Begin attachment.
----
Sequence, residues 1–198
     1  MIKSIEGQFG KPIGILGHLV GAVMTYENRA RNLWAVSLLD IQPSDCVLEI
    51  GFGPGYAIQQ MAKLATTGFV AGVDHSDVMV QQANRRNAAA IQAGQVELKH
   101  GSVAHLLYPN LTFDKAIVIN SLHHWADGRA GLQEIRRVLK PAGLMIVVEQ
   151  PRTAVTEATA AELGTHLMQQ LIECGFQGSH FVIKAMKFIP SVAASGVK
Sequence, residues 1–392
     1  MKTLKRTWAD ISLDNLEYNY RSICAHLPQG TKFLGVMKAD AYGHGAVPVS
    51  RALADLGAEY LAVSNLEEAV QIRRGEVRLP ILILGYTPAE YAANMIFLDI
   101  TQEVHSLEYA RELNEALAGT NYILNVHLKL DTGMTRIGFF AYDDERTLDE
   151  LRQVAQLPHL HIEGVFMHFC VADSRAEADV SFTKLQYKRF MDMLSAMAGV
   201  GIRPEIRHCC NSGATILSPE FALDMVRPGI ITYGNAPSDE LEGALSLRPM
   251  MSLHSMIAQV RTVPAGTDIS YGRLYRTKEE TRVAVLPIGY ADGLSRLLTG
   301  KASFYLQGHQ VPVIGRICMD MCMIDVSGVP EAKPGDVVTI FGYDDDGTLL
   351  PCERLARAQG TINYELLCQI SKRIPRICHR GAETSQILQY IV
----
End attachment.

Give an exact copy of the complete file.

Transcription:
Sequence, residues 1–198
     1  MIKSIEGQFG KPIGILGHLV GAVMTYENRA RNLWAVSLLD IQPSDCVLEI
    51  GFGPGYAIQQ MAKLATTGFV AGVDHSDVMV QQANRRNAAA IQAGQVELKH
   101  GSVAHLLYPN LTFDKAIVIN SLHHWADGRA GLQEIRRVLK PAGLMIVVEQ
   151  PRTAVTEATA AELGTHLMQQ LIECGFQGSH FVIKAMKFIP SVAASGVK
Sequence, residues 1–392
     1  MKTLKRTWAD ISLDNLEYNY RSICAHLPQG TKFLGVMKAD AYGHGAVPVS
    51  RALADLGAEY LAVSNLEEAV QIRRGEVRLP ILILGYTPAE YAANMIFLDI
   101  TQEVHSLEYA RELNEALAGT NYILNVHLKL DTGMTRIGFF AYDDERTLDE
   151  LRQVAQLPHL HIEGVFMHFC VADSRAEADV SFTKLQYKRF MDMLSAMAGV
   201  GIRPEIRHCC NSGATILSPE FALDMVRPGI ITYGNAPSDE LEGALSLRPM
   251  MSLHSMIAQV RTVPAGTDIS YGRLYRTKEE TRVAVLPIGY ADGLSRLLTG
   301  KASFYLQGHQ VPVIGRICMD MCMIDVSGVP EAKPGDVVTI FGYDDDGTLL
   351  PCERLARAQG TINYELLCQI SKRIPRICHR GAETSQILQY IV